Don't Miss Fort Worth Opera's 2014 Festival, Opening This Weekend

Ellen Appel
The cast of Fort Worth Opera's upcoming production of Mozart's Cosi fan tutte (Kathryn Leemhuis, Scott Quinn, Paul Scholten and Jan Cornelius)

The 2014 Fort Worth Opera Festival starts this weekend and you know what that means: time to head to Cowtown and binge-watch opera.

Instead of spreading productions out across several months, the Fort Worth Opera presents their entire season in just three, short, drama-packed weeks (April 19 through May 11). This year the schedule even makes it possible to catch performances of all four productions over the course of just one weekend (May 2-4), giving audiences the option to gorge themselves on operas Netflix-style.

This year's festival offerings include comedy and tragedy, large-scale, grandiose productions and an intimate chamber opera as well as the fascinating juxtaposition of old and new music. In addition to familiar works by Mozart (Cosi fan tutte) and Bizet (The Pearl Fishers), the FWO has taken on the exciting challenge of presenting audiences with two modern operas by contemporary American composers (Kevin Puts' Silent Night and Daniel Crozier's With Blood, With Ink). Whether you plan to attend them all or pick and choose your own operatic adventure, the preview below will give you a good idea of what to expect. Here's the rundown:

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The Dallas Opera's "Barber of Seville" is Campy, Fun and Expertly Sung

Karen Almond, Dallas Opera
Dr. Bartolo, played by Donato DiSteafano, (left) is fooled by Count Almaviva, played by Alek Shrader, who shows up in disguise as a music teacher with a tiny violin.
"Just so you know, the first act is an hour and a half long," the attendant warned as she handed me a program for The Dallas Opera's Sunday matinee performance of The Barber of Seville and directed me to my seat.

While I'm sure her comment was meant as a friendly (if not also a bit motherly) suggestion to hit up the lady's room before I settled into my seat, it sounded ominous, as if she was preparing all who entered for some kind of lengthy operatic purgatory.

Opera can be challenging theater. It's a complex medium -- combining theatrical, musical and visual arts -- that is notoriously hard to pull off well and has a penchant for long-windedness. When it is great, it is transcendent, but when all of those elements don't meld together successfully, it can be a bit of a drag.

On Sunday I was already feeling a little bummed to be indoors instead of out on such a gorgeous spring day. As I settled into my seat, I tried to push visions of sunny patios and mimosas out of my mind and reminded myself of what so many faithful opera-goers often do: "I sat through Wagner's entire Ring cycle! Ninety minutes of Rossini is a breeze."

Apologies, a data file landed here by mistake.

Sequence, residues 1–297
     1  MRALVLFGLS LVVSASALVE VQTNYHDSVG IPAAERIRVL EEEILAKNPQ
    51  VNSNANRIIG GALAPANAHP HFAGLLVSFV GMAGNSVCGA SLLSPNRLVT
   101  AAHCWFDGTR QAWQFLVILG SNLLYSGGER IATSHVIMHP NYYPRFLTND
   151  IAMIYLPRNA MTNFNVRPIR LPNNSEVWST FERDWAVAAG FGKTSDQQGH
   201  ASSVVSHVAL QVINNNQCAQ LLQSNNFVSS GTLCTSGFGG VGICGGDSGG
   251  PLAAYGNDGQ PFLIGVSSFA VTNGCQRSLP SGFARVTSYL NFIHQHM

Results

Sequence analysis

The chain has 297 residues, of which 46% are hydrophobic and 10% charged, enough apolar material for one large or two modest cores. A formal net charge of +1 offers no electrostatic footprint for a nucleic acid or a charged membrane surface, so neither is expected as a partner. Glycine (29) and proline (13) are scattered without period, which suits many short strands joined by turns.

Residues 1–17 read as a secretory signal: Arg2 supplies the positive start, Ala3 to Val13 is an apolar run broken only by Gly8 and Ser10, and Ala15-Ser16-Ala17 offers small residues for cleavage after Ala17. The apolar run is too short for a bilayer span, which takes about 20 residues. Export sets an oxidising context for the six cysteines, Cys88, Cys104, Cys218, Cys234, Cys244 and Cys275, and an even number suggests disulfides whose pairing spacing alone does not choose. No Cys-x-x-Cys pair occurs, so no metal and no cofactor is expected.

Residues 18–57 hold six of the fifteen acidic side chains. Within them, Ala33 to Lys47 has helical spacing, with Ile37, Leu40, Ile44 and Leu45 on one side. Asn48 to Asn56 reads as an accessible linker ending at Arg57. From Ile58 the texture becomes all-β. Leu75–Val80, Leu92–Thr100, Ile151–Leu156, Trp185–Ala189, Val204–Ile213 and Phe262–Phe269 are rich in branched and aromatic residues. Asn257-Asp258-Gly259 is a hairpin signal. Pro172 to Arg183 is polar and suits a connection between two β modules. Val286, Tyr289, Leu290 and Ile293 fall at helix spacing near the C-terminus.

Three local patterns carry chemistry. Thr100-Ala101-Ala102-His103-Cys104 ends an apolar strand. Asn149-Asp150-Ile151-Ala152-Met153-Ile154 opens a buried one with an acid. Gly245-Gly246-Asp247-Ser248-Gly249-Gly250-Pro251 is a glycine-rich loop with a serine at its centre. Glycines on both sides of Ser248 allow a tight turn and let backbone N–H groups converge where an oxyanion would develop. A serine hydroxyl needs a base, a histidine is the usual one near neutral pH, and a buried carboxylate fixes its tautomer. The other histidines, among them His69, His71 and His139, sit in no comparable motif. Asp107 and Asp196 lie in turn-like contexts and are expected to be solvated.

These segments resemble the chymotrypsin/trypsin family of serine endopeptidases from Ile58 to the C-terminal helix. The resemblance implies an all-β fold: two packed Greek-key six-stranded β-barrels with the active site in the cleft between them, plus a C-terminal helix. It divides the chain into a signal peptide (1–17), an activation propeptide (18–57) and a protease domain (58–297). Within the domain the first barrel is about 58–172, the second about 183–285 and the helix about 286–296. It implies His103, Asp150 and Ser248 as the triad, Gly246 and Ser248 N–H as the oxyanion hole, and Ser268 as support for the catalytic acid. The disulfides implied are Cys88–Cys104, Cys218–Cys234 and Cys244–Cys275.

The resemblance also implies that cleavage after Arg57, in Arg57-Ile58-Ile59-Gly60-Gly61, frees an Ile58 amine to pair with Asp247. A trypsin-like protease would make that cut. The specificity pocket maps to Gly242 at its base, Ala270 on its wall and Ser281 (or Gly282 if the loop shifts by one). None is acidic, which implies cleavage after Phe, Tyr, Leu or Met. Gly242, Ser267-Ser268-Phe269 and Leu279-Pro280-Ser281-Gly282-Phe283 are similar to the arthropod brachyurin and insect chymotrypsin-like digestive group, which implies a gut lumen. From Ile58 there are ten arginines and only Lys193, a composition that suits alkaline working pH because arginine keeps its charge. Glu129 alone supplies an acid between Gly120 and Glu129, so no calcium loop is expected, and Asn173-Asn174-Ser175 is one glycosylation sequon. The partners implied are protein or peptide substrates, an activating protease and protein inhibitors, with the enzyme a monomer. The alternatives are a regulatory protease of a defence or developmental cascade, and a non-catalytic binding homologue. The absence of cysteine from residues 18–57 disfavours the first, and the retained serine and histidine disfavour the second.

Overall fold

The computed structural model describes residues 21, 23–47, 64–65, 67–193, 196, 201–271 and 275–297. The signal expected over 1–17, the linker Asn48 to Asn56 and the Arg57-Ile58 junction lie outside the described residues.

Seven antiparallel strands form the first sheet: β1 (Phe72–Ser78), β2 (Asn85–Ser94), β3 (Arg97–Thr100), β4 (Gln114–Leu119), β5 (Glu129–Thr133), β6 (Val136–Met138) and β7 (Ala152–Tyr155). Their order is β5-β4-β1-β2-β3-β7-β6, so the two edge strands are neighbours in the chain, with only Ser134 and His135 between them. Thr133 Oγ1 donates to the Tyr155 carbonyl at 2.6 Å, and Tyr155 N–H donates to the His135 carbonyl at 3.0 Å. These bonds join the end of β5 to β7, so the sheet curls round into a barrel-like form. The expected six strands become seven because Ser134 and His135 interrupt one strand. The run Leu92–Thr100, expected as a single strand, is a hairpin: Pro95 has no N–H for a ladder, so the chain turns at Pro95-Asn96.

As soon as the curtain rose on the whimsical set and the familiar, lively strains of Rossini's music rose from the pit, I forgot about everything outside the Winspear Opera House. This production flies by -- in part because both musical and comedic timing are incredibly fast-paced -- but mostly because across the board the acting and singing is exceptional.

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Jay Hunter Morris on Die tote Stadt, Siegfried and Winning a Grammy

Jay Hunter Morris won a Grammy for Best Opera Recording in 2013.
What is it like to win a Grammy? According to tenor Jay Hunter Morris, the star of The Dallas Opera's current production of Erich Wolfgang Korngold's Die tote Stadt, "It's the most crazy, good thing ever!"

"I feel like five years ago not a soul on this earth, myself included, would've believed that I would win a Grammy," he confesses. "It really is just the most unexpected, coolest thing ever." And where does he keep it? In his living room in Roswell, Georgia, of course.

In 2011, Morris was tapped as an understudy to sing the title role in the Metropolitan Opera's production of Wagner's Siegfried when the scheduled performer fell ill. This was a big moment in his career, and Morris nailed the massively difficult role. He has since sung Siegfried in two consecutive Ring Cycles at the Met, the recording of one of which won him a 2013 Grammy.

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Review: The Dallas Opera Works Hard to Pull Off Die tote Stadt

The Dallas Opera
Jay Hunter Morris and Mardi Byers Star in The Dallas Opera's Production of Korngold's Die tote Stadt.